Footage has emerged of armed Taliban militants surrounding an Afghani TV new host as he spoke about the group’s takeover of Afghanistan.
The footage was posted to Twitter by BBC World News host Yalda Hakim with the caption, “Afghanistan TV – surreal.”
“This is what a political debate now looks like on Afghan TV, Taliban foot soldiers watching over the host,” Hakim wrote.
“The presenter talks about the collapse of the Ghani govt & says the Islamic Emirate says the Afghan people should not be afraid.”
Taliban militants allegedly stormed the station and asked the anchor to talk to them, WION reports.
The armed militants watch the TV anchor intently as he speaks on Afghan TV network Peace Studio.
He reads the news and conducts a debate with other Taliban members as the armed foot soldiers stand by.
The 40-second clip has gone viral, with more than 810,000 views since it was posted earlier on Monday.
It has been retweeted more than 3,000 times.
“Surreal broadcasting courtesy of the Taliban, hope the anchor is OK,” one person wrote.
“Think the Taliban’s new shiny PR team will be having words later.”
“The deadness in the eyes of the foot soldiers reminds me of the look of Soviet troops in East Berlin back in the eighties,” another wrote.
“Brutalised and brutal.”
With each passing day since the fall of Kabul, new accounts have emerged of the Taliban targeting and intimidating the news media.
Another Afghani media figure whose on-air appearance went viral, female news anchor Beheshta Arghand, has now fled her country.
Earlier this month Arghand, a female anchor at Afghan news network TOLO, made history by interviewing a senior Taliban representative on the air.
The interview garnered headlines around the world.
Two days later, Arghand did it again, interviewing Malala Yousafzai, the activist who survived a Taliban assassination attempt, in what TOLO described as the first time Yousafzai had ever been interviewed on Afghan TV.
Arghand was blazing a trail, but her work has been put on hold.
She decided to leave Afghanistan, citing the dangers that so many journalists and ordinary Afghans are facing.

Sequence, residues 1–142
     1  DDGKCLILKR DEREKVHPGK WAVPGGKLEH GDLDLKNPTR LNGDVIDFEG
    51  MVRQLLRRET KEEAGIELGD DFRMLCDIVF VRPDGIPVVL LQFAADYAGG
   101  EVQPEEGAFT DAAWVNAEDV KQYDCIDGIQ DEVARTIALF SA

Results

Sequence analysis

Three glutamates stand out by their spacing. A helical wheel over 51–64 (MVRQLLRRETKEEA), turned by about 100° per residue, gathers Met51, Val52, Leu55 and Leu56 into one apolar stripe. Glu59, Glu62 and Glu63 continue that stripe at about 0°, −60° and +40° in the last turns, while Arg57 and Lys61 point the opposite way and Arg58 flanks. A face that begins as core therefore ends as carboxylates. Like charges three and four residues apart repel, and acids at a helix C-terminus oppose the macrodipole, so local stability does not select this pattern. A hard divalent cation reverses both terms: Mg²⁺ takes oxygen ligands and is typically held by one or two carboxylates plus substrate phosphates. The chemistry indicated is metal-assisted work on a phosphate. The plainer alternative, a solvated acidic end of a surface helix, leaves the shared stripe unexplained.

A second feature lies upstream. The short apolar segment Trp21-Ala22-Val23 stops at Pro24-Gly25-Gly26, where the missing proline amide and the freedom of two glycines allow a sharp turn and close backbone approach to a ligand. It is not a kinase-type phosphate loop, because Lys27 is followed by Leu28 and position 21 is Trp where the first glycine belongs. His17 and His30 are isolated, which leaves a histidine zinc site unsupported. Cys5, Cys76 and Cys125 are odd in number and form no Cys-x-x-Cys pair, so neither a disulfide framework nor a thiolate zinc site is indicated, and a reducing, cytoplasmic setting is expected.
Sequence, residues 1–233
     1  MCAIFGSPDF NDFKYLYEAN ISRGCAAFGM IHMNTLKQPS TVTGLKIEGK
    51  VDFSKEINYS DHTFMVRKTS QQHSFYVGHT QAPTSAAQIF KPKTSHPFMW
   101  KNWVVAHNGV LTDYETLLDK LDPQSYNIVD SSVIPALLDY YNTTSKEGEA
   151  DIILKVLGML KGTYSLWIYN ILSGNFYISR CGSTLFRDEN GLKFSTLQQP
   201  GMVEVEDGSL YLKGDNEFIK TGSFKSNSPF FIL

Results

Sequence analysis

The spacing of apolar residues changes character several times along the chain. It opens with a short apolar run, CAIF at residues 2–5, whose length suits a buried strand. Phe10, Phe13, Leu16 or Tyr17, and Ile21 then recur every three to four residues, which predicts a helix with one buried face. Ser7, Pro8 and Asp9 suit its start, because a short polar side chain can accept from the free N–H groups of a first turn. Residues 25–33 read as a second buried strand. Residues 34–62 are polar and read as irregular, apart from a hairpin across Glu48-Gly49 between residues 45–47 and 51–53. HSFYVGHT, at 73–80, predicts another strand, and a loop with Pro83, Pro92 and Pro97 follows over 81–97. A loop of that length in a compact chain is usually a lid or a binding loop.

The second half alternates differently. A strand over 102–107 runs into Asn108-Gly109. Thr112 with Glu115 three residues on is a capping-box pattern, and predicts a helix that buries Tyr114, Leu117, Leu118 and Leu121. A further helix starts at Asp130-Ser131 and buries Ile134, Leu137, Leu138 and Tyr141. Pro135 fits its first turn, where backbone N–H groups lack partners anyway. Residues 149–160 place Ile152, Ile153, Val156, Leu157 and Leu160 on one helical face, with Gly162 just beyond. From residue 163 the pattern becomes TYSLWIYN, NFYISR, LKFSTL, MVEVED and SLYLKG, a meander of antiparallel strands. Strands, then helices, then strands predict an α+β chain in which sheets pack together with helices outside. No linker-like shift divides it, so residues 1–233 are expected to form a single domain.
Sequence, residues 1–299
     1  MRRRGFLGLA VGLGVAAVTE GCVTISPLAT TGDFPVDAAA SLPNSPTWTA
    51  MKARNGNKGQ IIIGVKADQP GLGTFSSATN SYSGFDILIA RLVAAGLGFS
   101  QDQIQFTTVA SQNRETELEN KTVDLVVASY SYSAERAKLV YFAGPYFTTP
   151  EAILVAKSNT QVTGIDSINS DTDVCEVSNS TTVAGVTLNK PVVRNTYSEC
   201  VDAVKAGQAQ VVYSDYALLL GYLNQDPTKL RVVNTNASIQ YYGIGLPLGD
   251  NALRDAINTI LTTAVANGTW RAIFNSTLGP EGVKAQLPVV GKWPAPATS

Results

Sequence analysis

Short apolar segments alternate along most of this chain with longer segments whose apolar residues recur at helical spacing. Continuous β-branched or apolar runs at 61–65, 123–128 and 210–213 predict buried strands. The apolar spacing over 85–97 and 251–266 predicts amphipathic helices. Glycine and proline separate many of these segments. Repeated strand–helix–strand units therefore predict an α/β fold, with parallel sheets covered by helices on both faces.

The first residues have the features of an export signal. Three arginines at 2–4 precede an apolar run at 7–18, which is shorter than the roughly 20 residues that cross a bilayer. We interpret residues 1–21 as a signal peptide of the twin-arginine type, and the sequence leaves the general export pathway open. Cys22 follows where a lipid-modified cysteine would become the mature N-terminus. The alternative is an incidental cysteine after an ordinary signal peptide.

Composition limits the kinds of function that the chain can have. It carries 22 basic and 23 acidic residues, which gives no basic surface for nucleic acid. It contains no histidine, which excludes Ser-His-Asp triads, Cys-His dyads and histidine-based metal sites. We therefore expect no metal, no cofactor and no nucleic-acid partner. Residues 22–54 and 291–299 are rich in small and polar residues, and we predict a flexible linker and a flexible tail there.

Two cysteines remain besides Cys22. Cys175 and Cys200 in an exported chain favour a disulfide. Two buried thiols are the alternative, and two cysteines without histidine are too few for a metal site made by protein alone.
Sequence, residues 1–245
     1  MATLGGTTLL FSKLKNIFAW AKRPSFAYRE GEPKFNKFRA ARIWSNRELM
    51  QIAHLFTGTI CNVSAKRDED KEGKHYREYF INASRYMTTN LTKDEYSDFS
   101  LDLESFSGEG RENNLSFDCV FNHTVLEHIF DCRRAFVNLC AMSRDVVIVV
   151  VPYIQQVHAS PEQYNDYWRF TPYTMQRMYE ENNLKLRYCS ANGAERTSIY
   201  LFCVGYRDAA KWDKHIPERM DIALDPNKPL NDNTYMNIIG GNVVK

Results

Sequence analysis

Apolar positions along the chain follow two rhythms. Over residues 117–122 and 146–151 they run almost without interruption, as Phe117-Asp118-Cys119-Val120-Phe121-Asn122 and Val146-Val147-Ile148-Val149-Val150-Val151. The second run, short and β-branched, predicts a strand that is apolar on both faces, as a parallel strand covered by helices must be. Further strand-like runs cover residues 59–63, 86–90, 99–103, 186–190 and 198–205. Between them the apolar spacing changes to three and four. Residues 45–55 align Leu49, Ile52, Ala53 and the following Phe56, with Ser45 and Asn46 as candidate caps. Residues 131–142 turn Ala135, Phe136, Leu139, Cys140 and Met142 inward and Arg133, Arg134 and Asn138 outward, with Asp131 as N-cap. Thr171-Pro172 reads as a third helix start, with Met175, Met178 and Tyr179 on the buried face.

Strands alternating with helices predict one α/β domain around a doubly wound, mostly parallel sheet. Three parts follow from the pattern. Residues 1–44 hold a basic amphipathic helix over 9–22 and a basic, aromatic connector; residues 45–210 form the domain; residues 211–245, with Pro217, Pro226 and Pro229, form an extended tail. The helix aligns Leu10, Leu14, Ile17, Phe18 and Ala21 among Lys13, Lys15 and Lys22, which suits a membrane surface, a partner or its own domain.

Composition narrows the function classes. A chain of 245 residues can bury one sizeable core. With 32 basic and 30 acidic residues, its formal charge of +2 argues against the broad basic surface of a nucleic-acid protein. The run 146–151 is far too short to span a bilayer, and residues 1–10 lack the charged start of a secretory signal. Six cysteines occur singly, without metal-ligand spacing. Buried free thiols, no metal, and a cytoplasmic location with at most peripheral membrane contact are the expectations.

Ultimately, she said, “I left the country because, like millions of people, I fear the Taliban,” she told CNN via WhatsApp.
Saad Mohseni, the owner of TOLO, said Arghand’s case is emblematic of the situation in Afghanistan.
“Almost all our well-known reporters and journalists have left,” Mohseni said.
“We have been working like crazy to replace them with new people.
“We have the twin challenge of getting people out [because they feel unsafe] and keeping the operation going.”
Arghand is 24 years old.
She decided to become a journalist in ninth grade after one of her teachers let her come to the front of the room and read the news “like I was the anchor on TV.”
Arghand studied journalism at Kabul University for four years.
She worked at several news agencies and radio stations for short periods of time, then joined TOLONews as a presenter earlier this year.
“I worked there for one month and 20 days, then the Taliban came,” she recalled.
‘I did it for Afghan women’
Her August 17 interview with the Taliban was “the first time in Afghanistan’s history that a Taliban representative appeared live in a TV studio sitting across from a female presenter,” Mohseni said in a column for the Washington Post, asserting that the Taliban was trying to “present a moderate face to the world.”
Arghand said the interview was difficult, “but I did it for Afghan women.”
“I told myself, ‘One of us must start … If we stay in our houses or don’t go to our offices, they will say the ladies don’t want to work,’ but I said to myself, ‘Start working,’” Arghand said.
“And I said to the Taliban member, ‘We want our rights. We want to work. We want — we must —be in society. This is our right.”
Two days after interviewing Yousafzai, Arghand reached out to her activist for help.
On Tuesday, she boarded a Qatari Air Force evacuation flight along with several family members.
She said she hopes to return.
“If the Taliban do what they said, what they promised, and the situation becomes better, and I know I am safe and there is no threat for me, I will go back to my country and I will work for my country,” she said.
“For my people.”
– with CNN